New Project Will Tackle Amazonian Development Challenges From Space
The United States Agency for International Development (USAID) and NASA have announced a new project that will use satellite imagery to address environment and development challenges across the Amazon Basin.
The International Research Institute for Climate and Society (IRI) of Columbia University’s Earth Institute is one of the core partners in the new, five-year project, called SERVIR-Amazonia.
Using state-of-the-art geospatial technologies, SERVIR-Amazonia will enable the tracking of environmental changes in the region in almost real-time. It will also help stakeholders evaluate climatic threats and rapidly respond to natural disasters. By building the capacity of people and institutions to integrate science and technology into decision making, the project will support sustainability and self-reliance throughout the region.
“Empowering local stakeholders is important for transparency and ownership of policies and programs that meet the needs and aspirations of the people living in Amazonian landscapes,” says chief project scientist Louis Verchot from the International Center for Tropical Agriculture (CIAT).
SERVIR-Amazonia will enable governments, institutions and communities to use publicly available satellite imagery, geospatial data and maps to inform decisions in four areas: drought and fire, water resources and extreme events, ecosystem management, and weather and climate.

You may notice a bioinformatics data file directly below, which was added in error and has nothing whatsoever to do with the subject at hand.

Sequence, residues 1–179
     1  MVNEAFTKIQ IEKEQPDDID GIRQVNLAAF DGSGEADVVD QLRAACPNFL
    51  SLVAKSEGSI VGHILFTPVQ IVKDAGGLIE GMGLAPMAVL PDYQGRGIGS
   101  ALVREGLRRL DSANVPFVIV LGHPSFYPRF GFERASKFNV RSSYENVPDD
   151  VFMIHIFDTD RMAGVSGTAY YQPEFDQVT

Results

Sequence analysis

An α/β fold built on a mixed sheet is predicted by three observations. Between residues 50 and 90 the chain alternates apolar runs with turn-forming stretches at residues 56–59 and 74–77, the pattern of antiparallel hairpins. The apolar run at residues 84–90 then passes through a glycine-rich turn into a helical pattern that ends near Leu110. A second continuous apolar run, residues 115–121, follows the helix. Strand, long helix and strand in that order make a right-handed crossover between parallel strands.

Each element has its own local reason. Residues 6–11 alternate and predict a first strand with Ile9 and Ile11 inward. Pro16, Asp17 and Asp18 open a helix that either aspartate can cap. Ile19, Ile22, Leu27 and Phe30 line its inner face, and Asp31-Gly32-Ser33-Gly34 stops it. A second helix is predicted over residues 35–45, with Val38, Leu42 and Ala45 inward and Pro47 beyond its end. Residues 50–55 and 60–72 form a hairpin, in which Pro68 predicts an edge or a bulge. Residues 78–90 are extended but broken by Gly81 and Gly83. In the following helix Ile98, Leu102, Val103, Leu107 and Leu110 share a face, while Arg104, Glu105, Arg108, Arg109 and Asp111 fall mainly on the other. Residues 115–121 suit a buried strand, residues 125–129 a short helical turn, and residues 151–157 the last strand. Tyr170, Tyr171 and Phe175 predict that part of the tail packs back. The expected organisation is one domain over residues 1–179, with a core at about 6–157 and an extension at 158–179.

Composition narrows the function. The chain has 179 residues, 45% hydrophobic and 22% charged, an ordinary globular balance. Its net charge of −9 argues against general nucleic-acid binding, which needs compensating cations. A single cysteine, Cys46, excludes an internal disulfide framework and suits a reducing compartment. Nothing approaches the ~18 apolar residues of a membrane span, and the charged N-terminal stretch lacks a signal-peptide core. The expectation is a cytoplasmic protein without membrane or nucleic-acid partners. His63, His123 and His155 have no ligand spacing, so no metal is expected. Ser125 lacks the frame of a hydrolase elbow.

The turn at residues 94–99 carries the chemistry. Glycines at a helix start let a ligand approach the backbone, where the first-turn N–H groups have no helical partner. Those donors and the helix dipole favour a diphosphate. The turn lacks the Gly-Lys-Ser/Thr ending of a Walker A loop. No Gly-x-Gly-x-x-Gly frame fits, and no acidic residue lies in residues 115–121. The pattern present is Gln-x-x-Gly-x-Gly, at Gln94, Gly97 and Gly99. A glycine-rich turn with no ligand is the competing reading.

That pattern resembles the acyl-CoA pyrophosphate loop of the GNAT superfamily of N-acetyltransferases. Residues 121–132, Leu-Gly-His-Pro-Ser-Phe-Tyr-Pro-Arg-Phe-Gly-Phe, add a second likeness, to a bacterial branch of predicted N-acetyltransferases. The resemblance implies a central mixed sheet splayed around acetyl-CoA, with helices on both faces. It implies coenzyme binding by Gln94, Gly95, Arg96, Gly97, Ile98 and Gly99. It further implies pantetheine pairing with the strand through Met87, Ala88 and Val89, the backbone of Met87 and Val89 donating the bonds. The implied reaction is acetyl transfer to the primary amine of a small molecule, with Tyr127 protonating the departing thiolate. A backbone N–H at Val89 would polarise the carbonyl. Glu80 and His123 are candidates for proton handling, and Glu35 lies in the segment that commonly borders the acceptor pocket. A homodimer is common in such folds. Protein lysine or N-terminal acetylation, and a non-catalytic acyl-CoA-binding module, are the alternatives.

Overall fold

“IRI’s expertise fits in all four of these themes, which along with our long tradition of capacity-building will help the new project achieve its goal of improving local capacity to harness satellite data and geospatial information to manage the Amazon’s incredible natural resources in a sustainable way,” says Fernandes.
SERVIR Amazonia will be one of five SERVIR hubs currently operating around the world. SERVIR connects USAID’s development network with NASA’s science, technology and extensive satellite data. Together with leading regional organizations in Africa, Asia and Latin America, the SERVIR global network has developed demand-driven services, tools and trainings for decision makers in more than 45 countries.
For example, SERVIR’s Enhanced Flood Early Warning Service is increasing flood forecast lead times in the South Asia region. This includes an operational 15-day flood forecast that integrates local data into a global model using methods co-developed by U.S. researchers, local experts, and decision-makers. Longer lead times and access to accurate, appropriate information ensures better preparedness for disaster responders, who can help to save lives and property. SERVIR Amazonia will bring similar tools to bear on the challenges of the region.
USAID will fund SERVIR-Amazonia, and NASA will provide science and technology support. The project will be implemented by CIAT and a network of local and international partners serving the Amazon region, including the Amazon Conservation Association, the Institute of Agricultural and Forest Management and Certification, and Spatial Informatics Group.
More information on SERVIR is available at www.servirglobal.net.
— Francesco Fiondella, International Research Institute for Climate and Society